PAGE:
Finally, Douthat notes the critics who are doctrinal conservatives. First, the critics of the Holy Father’s teaching on economics are also challenging doctrine. The social teachings of the Church are just as rooted in the doctrines of the faith as are the teachings of marriage and family, which is what Douthat goes on to discuss here, specifically, those who got nervous at last year’s synod on the family. He writes of this group:
Many of them are also economic conservatives and likely Republican voters, but not all, and notwithstanding that overlap they mostly regard the stakes in the Kasper/divorce debates as much more theologically significant than the stakes in, say, the pope’s forthcoming environmental encyclical. As with the economic debate, the more prominent the commentator, the more circumspect they tend to be in directly criticizing Francis on these issues: The tendency, instead, is almost always to separate the pope from the Kasper faction, critiquing that faction vigorously while reassuring readers that no doctrinal change is in the offing. (My own approach here is distinctive, and perhaps imprudent.) But at the same time, the pattern in which the debate has proceeded, I think, leaves little doubt that if Francis were to adopt Kasper’s proposals or others like them there would necessarily be much more open opposition from this group.
I do not know if there will be a doctrinal change in the offing or not. Certainly, the Church has developed doctrine in the past, and development is sort of a slow-moving change. But, Douthat shares a common blind spot with his fellow conservatives: Viewed in isolation, any change regarding the admission of divorced and remarried Catholics to communion, or in taking a less harsh stance towards gay and lesbian Catholics, would be hard to square with recent developments in the Church’s teaching on marriage and the family. But, the deeper theological issue is the role of mercy in the Church’s understanding of God and, therefore, of the Church. Consider the sermon the Holy Father gave this morning at the Casa Santa Marta, in which he said:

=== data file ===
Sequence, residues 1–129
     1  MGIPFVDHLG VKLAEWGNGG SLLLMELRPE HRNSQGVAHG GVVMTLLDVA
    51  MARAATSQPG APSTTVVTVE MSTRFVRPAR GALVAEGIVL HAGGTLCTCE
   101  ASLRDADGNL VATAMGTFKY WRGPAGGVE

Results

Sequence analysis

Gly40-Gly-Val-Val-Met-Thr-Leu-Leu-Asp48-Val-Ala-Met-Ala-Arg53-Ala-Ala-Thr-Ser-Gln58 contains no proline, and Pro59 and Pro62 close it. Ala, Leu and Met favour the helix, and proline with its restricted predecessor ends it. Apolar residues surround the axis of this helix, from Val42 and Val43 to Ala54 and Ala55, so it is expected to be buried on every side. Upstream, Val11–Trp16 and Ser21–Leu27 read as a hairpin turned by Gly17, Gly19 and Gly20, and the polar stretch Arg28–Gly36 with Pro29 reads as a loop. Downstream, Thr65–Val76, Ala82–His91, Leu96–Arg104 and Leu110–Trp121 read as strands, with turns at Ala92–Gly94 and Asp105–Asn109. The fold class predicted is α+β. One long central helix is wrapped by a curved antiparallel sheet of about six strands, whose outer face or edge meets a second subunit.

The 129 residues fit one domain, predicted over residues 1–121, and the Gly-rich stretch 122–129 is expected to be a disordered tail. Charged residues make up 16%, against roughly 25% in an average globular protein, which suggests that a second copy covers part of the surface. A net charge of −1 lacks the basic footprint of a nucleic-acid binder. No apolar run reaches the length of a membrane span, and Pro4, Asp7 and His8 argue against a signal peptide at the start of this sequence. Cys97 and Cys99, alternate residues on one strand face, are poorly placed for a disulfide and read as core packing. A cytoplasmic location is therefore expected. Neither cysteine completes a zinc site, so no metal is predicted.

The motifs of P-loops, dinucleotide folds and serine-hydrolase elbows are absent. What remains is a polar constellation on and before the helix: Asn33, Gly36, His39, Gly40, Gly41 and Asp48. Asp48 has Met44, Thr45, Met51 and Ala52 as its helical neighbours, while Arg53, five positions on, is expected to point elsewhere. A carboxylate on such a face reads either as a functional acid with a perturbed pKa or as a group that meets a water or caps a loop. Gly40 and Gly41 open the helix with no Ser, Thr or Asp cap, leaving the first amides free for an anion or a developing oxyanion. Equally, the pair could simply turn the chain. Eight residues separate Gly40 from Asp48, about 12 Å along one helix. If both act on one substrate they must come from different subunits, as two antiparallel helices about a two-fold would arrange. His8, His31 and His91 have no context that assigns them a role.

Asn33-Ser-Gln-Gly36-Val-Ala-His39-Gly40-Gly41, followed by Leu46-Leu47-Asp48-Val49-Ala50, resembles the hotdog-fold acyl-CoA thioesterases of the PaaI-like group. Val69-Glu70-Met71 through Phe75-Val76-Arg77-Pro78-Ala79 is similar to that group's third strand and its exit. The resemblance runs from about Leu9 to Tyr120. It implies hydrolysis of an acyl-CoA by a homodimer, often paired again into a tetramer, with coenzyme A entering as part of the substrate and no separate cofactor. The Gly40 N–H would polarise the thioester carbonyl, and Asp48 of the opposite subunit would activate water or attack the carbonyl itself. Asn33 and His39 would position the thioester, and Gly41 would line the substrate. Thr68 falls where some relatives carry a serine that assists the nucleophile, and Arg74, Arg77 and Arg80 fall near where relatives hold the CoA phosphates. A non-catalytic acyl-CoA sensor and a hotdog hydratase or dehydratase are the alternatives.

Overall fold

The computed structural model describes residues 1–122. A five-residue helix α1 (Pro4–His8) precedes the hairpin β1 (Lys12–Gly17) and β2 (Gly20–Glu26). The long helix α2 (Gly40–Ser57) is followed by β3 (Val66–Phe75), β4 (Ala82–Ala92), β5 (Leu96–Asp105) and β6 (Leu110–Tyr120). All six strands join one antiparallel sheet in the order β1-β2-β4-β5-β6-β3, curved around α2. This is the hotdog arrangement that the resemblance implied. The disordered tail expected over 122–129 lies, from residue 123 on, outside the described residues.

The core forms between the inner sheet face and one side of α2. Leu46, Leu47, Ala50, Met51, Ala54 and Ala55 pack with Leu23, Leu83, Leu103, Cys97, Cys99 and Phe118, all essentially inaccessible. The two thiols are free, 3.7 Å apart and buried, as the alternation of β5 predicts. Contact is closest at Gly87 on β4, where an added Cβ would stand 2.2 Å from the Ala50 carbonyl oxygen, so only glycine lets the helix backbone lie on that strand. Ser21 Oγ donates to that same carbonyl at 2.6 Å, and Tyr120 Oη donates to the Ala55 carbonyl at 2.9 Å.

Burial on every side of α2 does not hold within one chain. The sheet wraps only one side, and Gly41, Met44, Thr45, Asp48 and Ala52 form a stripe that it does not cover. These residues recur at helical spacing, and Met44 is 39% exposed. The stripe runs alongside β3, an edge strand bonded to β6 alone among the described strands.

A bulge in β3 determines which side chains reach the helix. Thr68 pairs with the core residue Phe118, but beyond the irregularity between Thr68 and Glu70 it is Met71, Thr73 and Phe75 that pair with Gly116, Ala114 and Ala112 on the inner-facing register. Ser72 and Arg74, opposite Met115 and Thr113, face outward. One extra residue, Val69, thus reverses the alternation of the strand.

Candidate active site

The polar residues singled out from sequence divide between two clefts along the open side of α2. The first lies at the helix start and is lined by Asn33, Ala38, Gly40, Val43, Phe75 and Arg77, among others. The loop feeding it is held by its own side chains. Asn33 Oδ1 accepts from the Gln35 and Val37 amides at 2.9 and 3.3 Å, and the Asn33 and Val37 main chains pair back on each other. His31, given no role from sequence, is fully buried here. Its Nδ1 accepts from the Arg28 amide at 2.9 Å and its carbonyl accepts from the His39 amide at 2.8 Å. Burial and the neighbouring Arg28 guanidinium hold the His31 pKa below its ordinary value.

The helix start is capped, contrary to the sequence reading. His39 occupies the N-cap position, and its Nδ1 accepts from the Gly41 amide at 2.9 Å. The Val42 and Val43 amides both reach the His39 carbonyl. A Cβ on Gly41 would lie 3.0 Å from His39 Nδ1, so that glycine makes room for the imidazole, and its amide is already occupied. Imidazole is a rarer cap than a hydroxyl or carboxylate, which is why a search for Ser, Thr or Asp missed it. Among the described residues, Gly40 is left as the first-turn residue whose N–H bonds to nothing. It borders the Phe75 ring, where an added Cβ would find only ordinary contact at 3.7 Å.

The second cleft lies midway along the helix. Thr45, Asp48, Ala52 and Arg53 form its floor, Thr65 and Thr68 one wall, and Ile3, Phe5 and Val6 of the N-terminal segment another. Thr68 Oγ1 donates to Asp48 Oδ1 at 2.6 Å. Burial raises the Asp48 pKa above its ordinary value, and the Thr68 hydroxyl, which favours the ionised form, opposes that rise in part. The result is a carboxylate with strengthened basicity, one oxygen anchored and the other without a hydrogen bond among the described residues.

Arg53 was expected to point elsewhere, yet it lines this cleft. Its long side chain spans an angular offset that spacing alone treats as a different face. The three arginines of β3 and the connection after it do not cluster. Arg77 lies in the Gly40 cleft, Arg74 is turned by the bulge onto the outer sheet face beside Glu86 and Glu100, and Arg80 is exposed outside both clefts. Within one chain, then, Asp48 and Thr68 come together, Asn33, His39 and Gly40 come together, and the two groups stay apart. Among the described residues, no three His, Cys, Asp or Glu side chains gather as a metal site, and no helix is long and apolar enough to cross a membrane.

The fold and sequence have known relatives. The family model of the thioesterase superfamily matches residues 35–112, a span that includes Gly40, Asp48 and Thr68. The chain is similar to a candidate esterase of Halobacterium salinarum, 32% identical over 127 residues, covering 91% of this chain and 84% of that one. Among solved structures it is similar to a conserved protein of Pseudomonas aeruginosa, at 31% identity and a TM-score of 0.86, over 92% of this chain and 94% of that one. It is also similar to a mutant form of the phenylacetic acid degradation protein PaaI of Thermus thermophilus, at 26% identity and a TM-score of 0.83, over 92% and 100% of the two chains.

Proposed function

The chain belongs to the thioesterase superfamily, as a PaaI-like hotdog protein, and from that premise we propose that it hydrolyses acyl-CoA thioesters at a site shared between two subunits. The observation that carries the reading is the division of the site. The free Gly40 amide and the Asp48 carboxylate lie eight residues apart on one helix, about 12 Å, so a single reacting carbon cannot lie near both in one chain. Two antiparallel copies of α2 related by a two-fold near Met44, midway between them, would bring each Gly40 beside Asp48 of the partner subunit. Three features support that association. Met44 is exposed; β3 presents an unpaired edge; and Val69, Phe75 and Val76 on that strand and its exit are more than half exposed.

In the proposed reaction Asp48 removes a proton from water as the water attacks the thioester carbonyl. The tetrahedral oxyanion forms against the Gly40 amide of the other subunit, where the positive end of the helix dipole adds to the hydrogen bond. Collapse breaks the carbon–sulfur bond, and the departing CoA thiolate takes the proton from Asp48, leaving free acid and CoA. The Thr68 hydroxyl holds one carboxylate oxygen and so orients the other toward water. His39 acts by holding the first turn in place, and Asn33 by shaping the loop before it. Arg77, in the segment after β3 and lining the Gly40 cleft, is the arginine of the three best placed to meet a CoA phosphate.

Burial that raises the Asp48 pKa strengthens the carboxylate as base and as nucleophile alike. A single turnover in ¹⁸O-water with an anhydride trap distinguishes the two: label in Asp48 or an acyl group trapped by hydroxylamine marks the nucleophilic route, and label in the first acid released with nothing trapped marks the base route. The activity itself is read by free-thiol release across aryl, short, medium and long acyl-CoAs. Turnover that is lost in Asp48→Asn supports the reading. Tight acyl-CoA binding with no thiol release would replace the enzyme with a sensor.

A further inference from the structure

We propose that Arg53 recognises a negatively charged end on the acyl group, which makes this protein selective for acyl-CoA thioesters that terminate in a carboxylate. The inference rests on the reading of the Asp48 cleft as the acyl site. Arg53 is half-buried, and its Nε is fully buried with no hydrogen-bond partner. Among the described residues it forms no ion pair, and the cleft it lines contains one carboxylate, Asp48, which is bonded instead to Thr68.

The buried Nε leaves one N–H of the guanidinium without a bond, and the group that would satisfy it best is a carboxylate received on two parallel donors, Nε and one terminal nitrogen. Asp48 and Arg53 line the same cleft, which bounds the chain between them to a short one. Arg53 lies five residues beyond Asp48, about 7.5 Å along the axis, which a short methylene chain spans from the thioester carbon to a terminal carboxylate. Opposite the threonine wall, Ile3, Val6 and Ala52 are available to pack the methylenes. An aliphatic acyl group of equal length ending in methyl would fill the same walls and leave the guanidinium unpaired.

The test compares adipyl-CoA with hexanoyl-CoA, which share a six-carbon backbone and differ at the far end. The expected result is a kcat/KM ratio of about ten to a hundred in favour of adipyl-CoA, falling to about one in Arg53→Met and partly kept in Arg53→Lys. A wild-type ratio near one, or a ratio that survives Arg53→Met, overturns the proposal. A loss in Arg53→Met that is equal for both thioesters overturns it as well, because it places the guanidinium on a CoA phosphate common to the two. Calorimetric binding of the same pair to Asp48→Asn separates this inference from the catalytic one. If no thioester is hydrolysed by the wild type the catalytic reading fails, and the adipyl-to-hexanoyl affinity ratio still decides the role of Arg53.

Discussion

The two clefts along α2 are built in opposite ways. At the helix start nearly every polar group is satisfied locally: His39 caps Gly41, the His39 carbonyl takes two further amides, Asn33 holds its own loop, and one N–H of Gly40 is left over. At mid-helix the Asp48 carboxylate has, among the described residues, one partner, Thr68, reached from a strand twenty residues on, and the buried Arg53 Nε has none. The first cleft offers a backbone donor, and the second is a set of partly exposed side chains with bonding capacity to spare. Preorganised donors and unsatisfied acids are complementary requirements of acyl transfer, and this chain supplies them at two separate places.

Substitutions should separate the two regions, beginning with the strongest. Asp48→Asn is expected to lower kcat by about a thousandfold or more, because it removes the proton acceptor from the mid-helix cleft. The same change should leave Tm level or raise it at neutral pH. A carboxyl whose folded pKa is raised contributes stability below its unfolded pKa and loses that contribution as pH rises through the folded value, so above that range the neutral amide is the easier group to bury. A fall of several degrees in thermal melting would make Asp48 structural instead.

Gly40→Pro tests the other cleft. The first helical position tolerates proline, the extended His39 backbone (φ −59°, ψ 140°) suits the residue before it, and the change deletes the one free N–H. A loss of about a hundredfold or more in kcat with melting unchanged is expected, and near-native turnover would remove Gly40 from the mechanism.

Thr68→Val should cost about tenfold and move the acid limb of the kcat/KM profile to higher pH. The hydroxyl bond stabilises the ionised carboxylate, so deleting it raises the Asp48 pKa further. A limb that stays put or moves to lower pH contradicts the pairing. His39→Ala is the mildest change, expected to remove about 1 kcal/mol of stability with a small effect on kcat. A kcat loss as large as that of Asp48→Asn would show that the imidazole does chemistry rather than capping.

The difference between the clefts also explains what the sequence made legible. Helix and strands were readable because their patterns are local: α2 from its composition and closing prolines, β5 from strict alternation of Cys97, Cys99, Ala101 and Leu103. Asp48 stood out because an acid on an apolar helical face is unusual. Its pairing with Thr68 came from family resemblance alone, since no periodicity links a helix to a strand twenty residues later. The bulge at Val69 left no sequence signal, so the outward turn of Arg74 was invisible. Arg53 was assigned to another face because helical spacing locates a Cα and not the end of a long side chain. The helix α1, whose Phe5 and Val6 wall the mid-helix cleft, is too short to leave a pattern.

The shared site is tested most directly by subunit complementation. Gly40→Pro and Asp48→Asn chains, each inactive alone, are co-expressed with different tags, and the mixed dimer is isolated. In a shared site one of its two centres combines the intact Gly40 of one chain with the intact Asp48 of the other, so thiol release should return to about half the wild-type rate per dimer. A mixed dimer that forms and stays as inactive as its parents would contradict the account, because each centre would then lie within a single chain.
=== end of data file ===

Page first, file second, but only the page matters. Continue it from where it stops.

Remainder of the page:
It’s Jesus’ home and Jesus welcomes [all]. But not only does He welcome, He goes out to see people just as He went out to find this man. And if people are hurt, what does Jesus do? Scold them because they are hurt? No, He comes and He carries them on His shoulders. And this is called mercy. And when God rebukes his people - 'I desire mercy, not sacrifice!' – He’s talking about this.
Conservatives are not wrong to see the Kasper proposal as revolutionary, even disturbing, but it is the disturbance of the revolutionary who threw the money changers out of the Temple, of the God who rebuked His people for offering sacrifice and not mercy, it is the proposal of the prodigal’s father, not his brother, of the Good Samaritan, of the Good Shepherd. Viewed narrowly as applicable only to the issue of the divorced and remarried, I think the conservatives are right to think such a change as Kasper proposes is hard to swallow. Understood in the context of changing something far deeper in the life of the Church, driving stake through the heart of the various forms of pelagianism and spiritual worldliness that stalk us today, of connecting anew with the actual kerygma, which has been lost in all the rules and regulations, I think the Kasper proposal is just the beginning.